being generated. It is not a one-and-for-all thing; it is an ongoing thing which is build and erodes
overtime. However credibility is provided through evidence. Particularly this will center on the
following:

Is what is being offered viable?

Does the proposer have the expertise/ability to make the offer?

Are the necessary resources in place?

How satisfactory have previous experience been?

What is the proposers reputation?

Confidence occurs if the level of credibility suggests that expectations will be achieved to the
degree that satisfies the concern about those outcomes not being achieved.
Maintaining client interest
Managers are so busy people. They will have many commitments. The consulting
exercise will be only of the projects they are involved. As events move on, the project progress,
the managers priorities will change. It is possible, even probable, that the importance of the
consulting project will diminish. If the managers interest is to be maintained, the consulting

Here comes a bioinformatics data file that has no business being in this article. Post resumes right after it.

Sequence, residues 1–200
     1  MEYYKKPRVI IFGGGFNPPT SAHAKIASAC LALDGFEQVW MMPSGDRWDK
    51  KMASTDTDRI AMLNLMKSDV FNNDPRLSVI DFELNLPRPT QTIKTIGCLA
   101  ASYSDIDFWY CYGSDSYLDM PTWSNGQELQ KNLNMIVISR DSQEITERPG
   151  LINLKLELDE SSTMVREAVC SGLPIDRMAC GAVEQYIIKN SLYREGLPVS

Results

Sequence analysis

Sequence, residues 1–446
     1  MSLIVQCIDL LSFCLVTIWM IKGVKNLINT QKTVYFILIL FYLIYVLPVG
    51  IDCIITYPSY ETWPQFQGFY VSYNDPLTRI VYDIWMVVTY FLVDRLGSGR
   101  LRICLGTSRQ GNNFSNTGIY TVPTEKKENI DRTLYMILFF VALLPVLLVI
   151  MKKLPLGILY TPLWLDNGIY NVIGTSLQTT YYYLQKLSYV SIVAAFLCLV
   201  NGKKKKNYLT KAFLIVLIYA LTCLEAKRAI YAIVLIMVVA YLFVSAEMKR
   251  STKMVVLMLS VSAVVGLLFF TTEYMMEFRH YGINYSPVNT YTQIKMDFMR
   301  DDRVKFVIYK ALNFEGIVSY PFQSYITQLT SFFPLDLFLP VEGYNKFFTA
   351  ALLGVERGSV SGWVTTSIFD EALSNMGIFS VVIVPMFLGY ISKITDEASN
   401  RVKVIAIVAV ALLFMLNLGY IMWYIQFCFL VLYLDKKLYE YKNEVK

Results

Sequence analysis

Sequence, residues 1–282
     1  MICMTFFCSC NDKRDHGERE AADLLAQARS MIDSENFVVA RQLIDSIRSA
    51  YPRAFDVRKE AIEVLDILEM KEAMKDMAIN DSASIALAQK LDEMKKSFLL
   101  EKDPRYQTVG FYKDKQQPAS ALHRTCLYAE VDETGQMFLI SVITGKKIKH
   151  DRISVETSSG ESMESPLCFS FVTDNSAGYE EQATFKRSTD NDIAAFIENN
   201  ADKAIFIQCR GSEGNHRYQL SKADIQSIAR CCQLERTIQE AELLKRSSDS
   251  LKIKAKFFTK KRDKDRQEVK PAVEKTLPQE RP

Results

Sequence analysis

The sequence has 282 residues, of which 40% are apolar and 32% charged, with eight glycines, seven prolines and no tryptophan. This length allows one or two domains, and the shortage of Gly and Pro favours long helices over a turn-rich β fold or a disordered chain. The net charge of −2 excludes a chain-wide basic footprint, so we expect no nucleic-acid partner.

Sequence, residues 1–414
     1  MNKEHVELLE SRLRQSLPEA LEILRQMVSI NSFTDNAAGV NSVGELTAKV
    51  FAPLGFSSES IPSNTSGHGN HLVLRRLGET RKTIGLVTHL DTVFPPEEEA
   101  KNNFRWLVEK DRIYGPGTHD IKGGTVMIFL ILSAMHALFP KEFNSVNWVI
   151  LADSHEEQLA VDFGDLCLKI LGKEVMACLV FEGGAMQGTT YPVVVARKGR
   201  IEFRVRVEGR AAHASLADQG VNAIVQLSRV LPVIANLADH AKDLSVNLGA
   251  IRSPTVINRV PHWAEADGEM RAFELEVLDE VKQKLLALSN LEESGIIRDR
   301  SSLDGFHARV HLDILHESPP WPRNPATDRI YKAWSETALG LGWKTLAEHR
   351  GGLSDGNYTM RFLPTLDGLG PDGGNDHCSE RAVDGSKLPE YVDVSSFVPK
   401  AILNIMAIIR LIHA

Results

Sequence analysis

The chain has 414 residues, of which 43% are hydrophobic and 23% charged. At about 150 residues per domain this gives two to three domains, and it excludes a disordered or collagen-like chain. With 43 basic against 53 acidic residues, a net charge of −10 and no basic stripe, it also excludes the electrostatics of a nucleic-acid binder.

team must keep the manager informed and motivated about the project.
Keeping up the communication:

Give the manager regular updates

Remind him of the outputs of the project

Check on how the business in developing

Remind him on what projects is the manager involve in now

Inform them how the consulting exercise will help them

Creating opportunities for client build-up


No matter how one begins in the consultancy profession, one will need connections that reach
into areas of prospective business.
A number of consultants could trace most of their current business to the following sources:
1. Business contacts gains throughout the business community
2. Speeches in professional and business organizations
3. Book written from experience
4. Referrals from speeches, books and articles
5. Word-of-mouth referrals.
Some suggestions on how business contacts can be established and made to grow are:
1. Join at least 3 organizations that offer regular meetings and the opportunity to interact
with peers in the industry. The Philippine Institute in CPA, Management Association of
the Philippines, Employers Association of the Philippines, Financial Executives of the
Philippines and other trade associations are excellent organizations because they provide